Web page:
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Life can he hard for the armchair particle physicist, forever knowing that other people have their own Large Hadron Collider and you don't. Thankfully, the folks at CERN remember what it was like not to have a LHC of their own, which is why the agency is opening up its data for all of the world to poke at. The CERN Open Data Portal will release the full details of each experiment three years after it was conducted, enabling the professionals to get their fill before everyone else gets a turn. The first set to be made available is from the 2010 collisions, and presumably the data set from 2011 will be along in short order, too. In addition, the outfit has prepared simplified collections from the various arrays for educational use, complete with visualization tools that'll help students taking the International Masterclass in particle physics. Now, of course, all we need is for some rank amateur to casually glance at the reams of data and come up with a world-shattering discovery of their very own.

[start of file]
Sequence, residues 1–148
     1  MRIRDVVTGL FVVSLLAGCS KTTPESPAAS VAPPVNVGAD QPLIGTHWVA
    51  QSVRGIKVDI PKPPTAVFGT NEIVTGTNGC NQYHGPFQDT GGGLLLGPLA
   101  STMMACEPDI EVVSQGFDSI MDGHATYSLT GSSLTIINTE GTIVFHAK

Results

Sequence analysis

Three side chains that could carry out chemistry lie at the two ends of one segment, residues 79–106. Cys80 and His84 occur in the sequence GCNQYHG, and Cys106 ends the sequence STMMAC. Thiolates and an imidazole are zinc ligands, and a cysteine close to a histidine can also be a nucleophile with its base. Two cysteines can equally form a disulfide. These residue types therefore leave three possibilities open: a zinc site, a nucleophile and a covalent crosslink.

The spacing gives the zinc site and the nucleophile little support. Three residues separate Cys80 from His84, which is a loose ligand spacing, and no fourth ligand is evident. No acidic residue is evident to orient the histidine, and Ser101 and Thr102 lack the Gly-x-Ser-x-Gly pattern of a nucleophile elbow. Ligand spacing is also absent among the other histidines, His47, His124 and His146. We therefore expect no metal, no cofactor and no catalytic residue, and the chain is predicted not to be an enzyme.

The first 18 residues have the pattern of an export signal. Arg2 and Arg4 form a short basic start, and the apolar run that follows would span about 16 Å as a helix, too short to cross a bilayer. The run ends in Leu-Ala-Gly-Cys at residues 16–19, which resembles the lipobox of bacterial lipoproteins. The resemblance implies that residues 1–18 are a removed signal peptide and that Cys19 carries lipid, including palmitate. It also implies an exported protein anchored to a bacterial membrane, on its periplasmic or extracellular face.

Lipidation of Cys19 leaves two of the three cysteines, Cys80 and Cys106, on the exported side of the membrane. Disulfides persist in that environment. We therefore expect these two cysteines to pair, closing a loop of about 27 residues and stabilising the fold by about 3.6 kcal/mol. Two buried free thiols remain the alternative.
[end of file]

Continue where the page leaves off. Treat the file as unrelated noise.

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There's been a few signs that not all is well in Samsung's mobile division, with the company pledging to make fewer new devices, as well as its chief taking a pay cut. If the Wall Street Journal is to be believed, the cause of this unrest is all down to faltering sales of the Galaxy S5, which has apparently sold four million fewer phones than its predecessor. According to the report, the company is still riding high in the US, but saw sales in China drop by 50 percent compared to the Galaxy S4. Considering that Samsung was so confident that the device would be a blockbuster that it increased production by 20 percent, it could now have as many a four million unsold devices sitting in warehouses. The paper's sources believe that the drops will trigger a leadership re-shuffle, with mobile chief JK Shin getting pushed, with his duties handed over to TV & home appliance chief BK Yoon.

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UK Home Secretary Theresa May